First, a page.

Methane From Coal Seams  

Posted by Big Gav

Time for a roundup of local energy related news. Santos continues expanding their operations - this time buying into a coal seam methane operation in Queensland. The CSIRO's analysis of coal seam methane says that we have the world's fourth largest reserves and that potentially recoverable reserves are of similar order to natural gas reserves in the North-west (which is a lot). It appears that the industry is still in its infancy though, otherwise we wouldn't be talking about building pipelines to Papua New Guinea (more on that later).

On he subject of coal seams, one reasonably well known national park here is called "Burning Mountain" due to the burning coal seam there.

Early explorers assumed Burning Mountain's billowing smoke and peak of grey, smoldering ash was an active volcano. In fact, the mountain's naturally-burning coal seam, unique in Australia, is thought to have been smoking away for over 5500 years. After a short pleasant walk, you can look down from the viewing platform into the vents where the smoke emerges.

Woodside's CEO is off to East Timor to talk to their Prime Minister about the Sunrise project, while East Timorese President and long time resistance leader Xanana Gusmao is visiting a number of cities in Australia. There are also reports that the deal between Australia and East Timor over gas revenues and maritime boundaries may be settled within weeks (I've heard that story before though).
Voelte has visited Dili on several occasions to ensure the lines of communication between East Timor and Sunrise operator Woodside remain open. His latest meeting comes at a positive juncture, with Canberra and Dili now close to finalizing a revenue-sharing pact covering Sunrise, and East Timor abandoning its argument Woodside should build a gas processing facility on Timorese soil.

Sunrise contains up to US$40 billion of natural gas and concentrate, representing a significant windfall for East Timor, a poor nation of just 800,000 people which gained its independence in 2002 and still relies heavily on foreign aid. Still, several hurdles remain for the Sunrise partners, including parliamentary approval of the revenue-sharing pact. The agreement is expected to be inked this month but will take several months before it is ratified by lawmakers in East Timor and Australia.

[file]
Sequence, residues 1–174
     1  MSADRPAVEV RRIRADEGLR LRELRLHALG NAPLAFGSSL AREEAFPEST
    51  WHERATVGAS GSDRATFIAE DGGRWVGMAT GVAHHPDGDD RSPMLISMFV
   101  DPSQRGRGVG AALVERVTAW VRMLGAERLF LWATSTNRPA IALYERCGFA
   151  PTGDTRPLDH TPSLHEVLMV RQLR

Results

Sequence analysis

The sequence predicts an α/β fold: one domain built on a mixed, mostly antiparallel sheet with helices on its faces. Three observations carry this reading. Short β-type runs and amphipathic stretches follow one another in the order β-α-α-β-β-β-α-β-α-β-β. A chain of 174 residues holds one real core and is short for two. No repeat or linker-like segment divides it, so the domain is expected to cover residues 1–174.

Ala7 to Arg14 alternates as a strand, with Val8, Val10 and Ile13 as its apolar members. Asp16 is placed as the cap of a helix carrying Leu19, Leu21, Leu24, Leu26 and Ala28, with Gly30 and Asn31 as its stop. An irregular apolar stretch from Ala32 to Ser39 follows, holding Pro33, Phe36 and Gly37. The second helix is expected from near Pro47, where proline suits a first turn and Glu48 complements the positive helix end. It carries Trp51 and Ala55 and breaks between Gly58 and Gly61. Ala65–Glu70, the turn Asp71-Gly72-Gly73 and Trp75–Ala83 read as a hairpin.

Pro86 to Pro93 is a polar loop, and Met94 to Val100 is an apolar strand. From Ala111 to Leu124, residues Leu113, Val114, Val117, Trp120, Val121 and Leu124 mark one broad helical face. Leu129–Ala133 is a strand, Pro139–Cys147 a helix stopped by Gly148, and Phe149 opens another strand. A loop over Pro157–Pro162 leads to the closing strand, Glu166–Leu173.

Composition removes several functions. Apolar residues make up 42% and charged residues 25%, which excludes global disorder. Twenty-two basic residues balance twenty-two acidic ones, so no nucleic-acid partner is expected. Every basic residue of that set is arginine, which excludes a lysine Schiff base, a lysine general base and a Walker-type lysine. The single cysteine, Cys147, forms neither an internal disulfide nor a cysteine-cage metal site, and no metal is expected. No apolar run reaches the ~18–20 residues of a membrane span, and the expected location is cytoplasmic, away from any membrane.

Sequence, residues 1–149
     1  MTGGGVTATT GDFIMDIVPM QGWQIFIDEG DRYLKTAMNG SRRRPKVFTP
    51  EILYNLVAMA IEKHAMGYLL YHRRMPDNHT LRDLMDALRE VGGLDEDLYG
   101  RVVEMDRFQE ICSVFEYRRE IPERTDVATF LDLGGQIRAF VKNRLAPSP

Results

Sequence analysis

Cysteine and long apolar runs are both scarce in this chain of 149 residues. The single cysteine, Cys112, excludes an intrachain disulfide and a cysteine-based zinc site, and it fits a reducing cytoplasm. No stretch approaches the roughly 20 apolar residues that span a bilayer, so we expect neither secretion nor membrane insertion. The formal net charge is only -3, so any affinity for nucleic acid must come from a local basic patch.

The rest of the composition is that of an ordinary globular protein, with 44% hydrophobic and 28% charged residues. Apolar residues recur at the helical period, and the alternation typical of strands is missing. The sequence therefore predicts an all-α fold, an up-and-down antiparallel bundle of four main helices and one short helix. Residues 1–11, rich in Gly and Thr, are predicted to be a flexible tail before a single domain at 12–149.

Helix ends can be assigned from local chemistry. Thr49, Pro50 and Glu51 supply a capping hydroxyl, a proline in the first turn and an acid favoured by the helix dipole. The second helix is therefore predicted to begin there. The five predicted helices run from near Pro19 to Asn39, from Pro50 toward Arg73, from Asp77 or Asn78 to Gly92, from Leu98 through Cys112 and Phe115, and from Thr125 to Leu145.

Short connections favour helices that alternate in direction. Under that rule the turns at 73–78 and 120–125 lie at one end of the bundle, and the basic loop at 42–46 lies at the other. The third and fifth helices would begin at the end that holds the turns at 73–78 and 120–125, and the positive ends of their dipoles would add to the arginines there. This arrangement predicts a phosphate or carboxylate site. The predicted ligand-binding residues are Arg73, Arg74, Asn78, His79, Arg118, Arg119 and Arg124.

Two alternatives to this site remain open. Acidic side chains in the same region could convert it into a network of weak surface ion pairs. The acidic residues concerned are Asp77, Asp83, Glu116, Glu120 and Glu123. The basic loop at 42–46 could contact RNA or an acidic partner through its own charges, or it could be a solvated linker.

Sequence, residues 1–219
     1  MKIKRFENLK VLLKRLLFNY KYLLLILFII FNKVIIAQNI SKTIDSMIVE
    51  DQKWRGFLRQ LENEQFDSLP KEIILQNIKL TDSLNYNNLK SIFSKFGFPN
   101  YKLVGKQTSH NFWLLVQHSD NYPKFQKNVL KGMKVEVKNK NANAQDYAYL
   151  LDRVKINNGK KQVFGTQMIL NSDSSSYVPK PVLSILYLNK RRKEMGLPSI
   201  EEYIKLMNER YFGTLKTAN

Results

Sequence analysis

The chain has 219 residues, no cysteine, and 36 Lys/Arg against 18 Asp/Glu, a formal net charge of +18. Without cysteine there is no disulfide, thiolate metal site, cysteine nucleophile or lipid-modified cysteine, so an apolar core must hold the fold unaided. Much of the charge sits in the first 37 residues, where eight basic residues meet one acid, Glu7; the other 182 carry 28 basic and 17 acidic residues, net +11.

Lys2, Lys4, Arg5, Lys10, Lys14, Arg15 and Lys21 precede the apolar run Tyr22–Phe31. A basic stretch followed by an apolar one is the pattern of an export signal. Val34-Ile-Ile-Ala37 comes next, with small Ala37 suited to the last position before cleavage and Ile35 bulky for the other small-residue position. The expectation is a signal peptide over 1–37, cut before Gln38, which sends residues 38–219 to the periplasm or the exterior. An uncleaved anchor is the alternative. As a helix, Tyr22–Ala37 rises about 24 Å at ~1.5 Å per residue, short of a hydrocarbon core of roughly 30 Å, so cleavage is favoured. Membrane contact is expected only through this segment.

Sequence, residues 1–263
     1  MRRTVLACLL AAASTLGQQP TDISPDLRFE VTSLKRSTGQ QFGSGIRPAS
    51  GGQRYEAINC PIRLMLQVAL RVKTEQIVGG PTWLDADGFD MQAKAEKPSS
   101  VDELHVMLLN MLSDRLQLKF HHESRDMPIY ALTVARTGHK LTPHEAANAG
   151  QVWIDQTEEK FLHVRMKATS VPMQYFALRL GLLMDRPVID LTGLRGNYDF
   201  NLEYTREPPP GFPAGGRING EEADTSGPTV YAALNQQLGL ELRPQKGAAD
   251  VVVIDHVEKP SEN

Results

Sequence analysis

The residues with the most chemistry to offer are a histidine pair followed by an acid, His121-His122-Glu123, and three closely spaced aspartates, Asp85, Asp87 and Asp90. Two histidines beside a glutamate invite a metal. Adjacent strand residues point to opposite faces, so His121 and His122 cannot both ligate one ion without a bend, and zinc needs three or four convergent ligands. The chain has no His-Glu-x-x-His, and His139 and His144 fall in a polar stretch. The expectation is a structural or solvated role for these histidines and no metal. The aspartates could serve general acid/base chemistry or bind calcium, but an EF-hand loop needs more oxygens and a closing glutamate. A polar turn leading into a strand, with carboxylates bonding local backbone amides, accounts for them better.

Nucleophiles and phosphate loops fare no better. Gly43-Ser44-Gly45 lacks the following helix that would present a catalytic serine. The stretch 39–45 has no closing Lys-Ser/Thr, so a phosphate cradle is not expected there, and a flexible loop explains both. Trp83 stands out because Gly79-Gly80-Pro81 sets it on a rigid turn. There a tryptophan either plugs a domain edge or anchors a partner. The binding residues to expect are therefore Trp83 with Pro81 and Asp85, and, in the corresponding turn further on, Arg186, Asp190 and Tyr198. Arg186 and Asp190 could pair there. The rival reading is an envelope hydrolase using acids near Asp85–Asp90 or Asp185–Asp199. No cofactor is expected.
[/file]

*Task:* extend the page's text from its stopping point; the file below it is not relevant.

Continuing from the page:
A Goldman Sachs analyst is saying that BHP is undervalued when compared to other Australian energy companies like Woodisde and Santos. My view is this is because BHP is much more exposed to a downturn in the world economy than the pure oil and gas companies because of its large mineral operations - and doesn't have as much upside to steadily rising energy prices. When / if earnings from its energy divisions (oil and gas, coal, uranium) start to dominate those from metals, its share price will no doubt start to track movements in that of Woodside a lot more closely.

AGL signs up for PNG gas (following hot on the heels of Alcan's recent announcement).
For many years, the PNG pipeline had been the butt of jokes. One analyst famously claimed in 2002 that he would run around the dealing desk naked if it ever went ahead. The same year, Oil Company of Australia director John Piper said: "If PNG needs 175 petajoules [to be viable], they need all of the gas players in Queensland and NSW to fall over at the same time. That's impossible."

But Queensland's demand for natural gas has been steadily rising, with growth forecast of 5 per cent a year for the next 20 years. Wood Mackenzie analysis suggests that even with the PNG project, coal-seam methane and gas yet to be found, there is a clear need for new supply sources in eastern Australia from 2015.

Santos bought Queensland coal-seam methane assets for $612million last weekend to help maintain its natural gas market share. Oil Search's Mr Botten said Santos was also negotiating to take an equity stake in the PNG pipeline, which would reduce the holding of joint venture partner ExxonMobil.

Chevron is expanding further in Western Australia, with a successful bid for exploration rights to four blocks with natural gas potential offshore the Carnarvon Basin (I'm not sure how far these are from the Gorgon field but its in the same general area - though with WA "general area" can be quite large).

Back to the subject of BHP, Martin Hastings has an article up at Energy Bulletin that says that Woodside and BHP have little chance of building LNG terminals in California - but they (particularly BHP) are still rolling the dice and seeing what happens. I guess the question to consider is, how many LNG terminals will get built on the west coast over the next decade ?

Finally Rigzone notes that Hardman are continuing to search for oil (or at least maintain rights to do so) in the Falkland Islands.

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